Imaginatively named for the velvety, purple hairs that cover its leaves and stems, especially the new growth, purple passion plant (Gynura aurantiaca) is native to Indonesia and grows outdoors in U.S. Department of Agriculture plant hardiness zones 10 through 12. You can also grow it as a houseplant. A sprawling, rather weak-stemmed plant, purple passion does well in a hanging basket. In winter, it produces tiny yellow to orange composite flowers with an unpleasant smell. It's easy to start new plants from cuttings.

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Soil and Spacing

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Grow purple passion in a houseplant potting mix that is peat-based. This tropical plant is fast-growing and fills out a pot quickly, trailing over the edges, so don't space pots close together. The stems can grow to 4 feet long. For large hanging baskets, place several rooted cuttings evenly around the diameter of the container.

Water and Humidity

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Purple passion needs constant moisture but not soggy soil while it is actively growing. In fall and winter, growth slows and the plant can be kept somewhat drier, but never allow it to dry out. Take care when using a peat-based mix because it's hard to rehydrate if it dries out completely. You may have to submerge the entire pot under water if the potting mix dries out. Avoid getting water on the leaves, which can cause dark spots. Purple passion appreciates humidity of 50 percent or higher. To raise the humidity, use a humidifier or place the plant on a tray filled with pebbles with a layer of water at the bottom. Do not mist the plant.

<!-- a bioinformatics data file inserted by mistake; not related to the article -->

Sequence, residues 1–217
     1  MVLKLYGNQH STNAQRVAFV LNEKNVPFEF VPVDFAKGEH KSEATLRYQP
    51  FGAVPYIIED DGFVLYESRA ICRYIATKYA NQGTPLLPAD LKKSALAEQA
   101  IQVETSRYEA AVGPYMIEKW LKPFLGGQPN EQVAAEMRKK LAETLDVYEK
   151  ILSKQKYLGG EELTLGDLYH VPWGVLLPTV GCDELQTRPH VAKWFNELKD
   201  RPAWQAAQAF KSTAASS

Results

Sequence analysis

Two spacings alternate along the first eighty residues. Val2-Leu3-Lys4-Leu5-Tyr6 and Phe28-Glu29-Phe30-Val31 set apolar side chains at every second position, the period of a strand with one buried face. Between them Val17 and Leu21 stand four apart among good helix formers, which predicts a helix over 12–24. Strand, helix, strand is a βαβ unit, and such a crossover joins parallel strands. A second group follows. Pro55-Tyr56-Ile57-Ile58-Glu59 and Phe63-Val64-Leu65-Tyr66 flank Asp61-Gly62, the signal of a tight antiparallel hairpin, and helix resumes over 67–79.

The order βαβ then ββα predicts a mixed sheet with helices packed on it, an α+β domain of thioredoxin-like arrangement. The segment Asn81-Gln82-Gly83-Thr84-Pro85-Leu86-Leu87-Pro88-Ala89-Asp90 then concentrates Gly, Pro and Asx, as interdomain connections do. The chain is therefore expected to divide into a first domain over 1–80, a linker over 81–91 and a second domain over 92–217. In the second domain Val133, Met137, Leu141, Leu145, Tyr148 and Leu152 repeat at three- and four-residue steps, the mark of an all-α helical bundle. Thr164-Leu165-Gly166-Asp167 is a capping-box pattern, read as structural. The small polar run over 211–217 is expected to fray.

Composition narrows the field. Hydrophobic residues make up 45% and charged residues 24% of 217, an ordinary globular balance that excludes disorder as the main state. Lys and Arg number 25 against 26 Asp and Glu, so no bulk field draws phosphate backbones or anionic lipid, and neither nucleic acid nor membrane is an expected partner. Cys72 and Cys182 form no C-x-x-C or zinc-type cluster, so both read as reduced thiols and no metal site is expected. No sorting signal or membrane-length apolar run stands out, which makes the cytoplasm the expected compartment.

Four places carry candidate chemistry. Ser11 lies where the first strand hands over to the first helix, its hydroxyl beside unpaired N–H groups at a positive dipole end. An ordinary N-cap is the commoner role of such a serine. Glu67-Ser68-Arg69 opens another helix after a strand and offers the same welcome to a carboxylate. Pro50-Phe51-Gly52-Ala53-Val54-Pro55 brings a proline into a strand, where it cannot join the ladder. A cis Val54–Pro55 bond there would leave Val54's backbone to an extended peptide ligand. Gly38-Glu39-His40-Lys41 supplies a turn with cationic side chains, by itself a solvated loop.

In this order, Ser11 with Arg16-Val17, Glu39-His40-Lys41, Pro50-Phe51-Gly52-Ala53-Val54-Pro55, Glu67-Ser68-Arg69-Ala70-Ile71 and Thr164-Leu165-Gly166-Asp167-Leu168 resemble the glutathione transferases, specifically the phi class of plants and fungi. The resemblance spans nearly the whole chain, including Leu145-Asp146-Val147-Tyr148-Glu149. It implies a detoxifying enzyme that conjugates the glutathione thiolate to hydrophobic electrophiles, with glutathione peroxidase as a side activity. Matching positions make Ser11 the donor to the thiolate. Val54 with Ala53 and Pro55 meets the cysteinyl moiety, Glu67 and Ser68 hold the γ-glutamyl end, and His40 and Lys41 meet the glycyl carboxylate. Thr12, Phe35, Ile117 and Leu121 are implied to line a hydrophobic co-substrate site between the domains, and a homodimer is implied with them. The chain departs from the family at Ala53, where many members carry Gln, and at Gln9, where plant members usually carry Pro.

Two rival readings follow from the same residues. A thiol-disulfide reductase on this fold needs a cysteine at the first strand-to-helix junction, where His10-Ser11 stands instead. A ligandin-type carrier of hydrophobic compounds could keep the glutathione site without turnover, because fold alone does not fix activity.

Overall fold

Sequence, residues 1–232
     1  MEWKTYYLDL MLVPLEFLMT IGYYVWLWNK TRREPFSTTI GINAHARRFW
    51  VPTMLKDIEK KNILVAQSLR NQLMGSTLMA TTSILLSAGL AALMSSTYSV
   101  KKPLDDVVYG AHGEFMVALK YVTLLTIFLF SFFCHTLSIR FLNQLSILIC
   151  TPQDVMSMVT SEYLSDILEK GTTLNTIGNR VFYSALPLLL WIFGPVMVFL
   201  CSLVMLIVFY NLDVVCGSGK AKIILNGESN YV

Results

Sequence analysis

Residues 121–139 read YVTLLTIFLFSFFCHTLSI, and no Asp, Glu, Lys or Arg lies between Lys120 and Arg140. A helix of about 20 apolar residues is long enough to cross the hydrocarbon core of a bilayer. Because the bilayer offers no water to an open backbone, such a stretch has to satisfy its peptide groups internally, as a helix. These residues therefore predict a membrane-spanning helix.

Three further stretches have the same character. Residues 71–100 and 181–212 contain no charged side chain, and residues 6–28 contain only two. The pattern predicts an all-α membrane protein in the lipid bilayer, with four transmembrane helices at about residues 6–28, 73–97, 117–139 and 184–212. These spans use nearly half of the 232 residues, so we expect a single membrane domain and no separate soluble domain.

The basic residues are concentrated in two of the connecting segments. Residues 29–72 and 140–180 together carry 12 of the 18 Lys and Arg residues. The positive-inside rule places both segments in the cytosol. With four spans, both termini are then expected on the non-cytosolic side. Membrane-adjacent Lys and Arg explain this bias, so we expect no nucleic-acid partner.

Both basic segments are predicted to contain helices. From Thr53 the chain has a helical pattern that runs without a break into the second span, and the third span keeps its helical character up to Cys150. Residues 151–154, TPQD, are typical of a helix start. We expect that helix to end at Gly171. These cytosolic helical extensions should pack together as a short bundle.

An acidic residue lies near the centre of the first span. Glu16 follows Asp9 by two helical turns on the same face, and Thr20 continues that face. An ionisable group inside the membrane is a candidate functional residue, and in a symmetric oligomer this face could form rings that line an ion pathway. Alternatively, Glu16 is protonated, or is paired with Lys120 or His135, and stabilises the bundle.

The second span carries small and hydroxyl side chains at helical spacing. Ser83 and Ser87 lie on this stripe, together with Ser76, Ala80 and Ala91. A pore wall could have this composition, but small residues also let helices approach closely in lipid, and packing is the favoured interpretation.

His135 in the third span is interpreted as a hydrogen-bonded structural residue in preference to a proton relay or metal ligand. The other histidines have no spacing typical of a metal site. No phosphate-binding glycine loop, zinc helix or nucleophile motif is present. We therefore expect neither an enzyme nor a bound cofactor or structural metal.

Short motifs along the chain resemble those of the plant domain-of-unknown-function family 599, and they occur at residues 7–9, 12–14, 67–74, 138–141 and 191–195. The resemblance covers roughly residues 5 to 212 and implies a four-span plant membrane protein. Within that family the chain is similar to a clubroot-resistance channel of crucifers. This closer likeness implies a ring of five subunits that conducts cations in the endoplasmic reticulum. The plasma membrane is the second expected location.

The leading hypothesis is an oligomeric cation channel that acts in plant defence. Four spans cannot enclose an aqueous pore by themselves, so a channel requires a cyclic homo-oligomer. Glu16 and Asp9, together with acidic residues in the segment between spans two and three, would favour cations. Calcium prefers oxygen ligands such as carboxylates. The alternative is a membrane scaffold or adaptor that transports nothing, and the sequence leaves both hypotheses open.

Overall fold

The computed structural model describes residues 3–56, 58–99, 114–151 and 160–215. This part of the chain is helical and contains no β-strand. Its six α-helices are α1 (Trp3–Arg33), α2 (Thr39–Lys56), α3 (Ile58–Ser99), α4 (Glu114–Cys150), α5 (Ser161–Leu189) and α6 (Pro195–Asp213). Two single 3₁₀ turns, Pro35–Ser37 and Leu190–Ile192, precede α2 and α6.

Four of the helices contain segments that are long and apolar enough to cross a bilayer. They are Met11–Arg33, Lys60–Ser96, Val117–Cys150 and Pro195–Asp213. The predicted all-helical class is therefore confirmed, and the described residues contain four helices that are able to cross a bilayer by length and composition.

Light and Fertilizer

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Give purple passion bright, indirect light. Direct sunlight can scorch the leaves. If the plant's purple color becomes less intense over time, it probably needs more light. Because purple passion grows so quickly, it doesn't need much fertilizer. Apply a liquid fertilizer, such as 20-20-20, at half-strength every two weeks in spring through fall when the plant is actively growing. Fertilize once a month in winter. Mix at the rate of 1/4 teaspoon of fertilizer in 2 quarts of water. Give enough of the solution so it comes through the pot's drainage holes.

Pruning

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It's easy for purple passion to become leggy as it grows fast. Keep the plant cut back to promote bushiness. Use a pruners or scissors cleaned with a soft cloth soaked in rubbing alcohol to prevent spreading diseases. Cut the branch ends back, removing a stem length containing one to three leaves. Cut just above a leaf. Root the stems for a new, vigorous plant to replace outgrown ones. After dipping the stem ends in rooting hormone, put the stems in a mixture of equal parts moistened peat and perlite. If you loosely tent their rooting container with a plastic bag, they'll usually root in a few weeks. Remove any flowers before they open.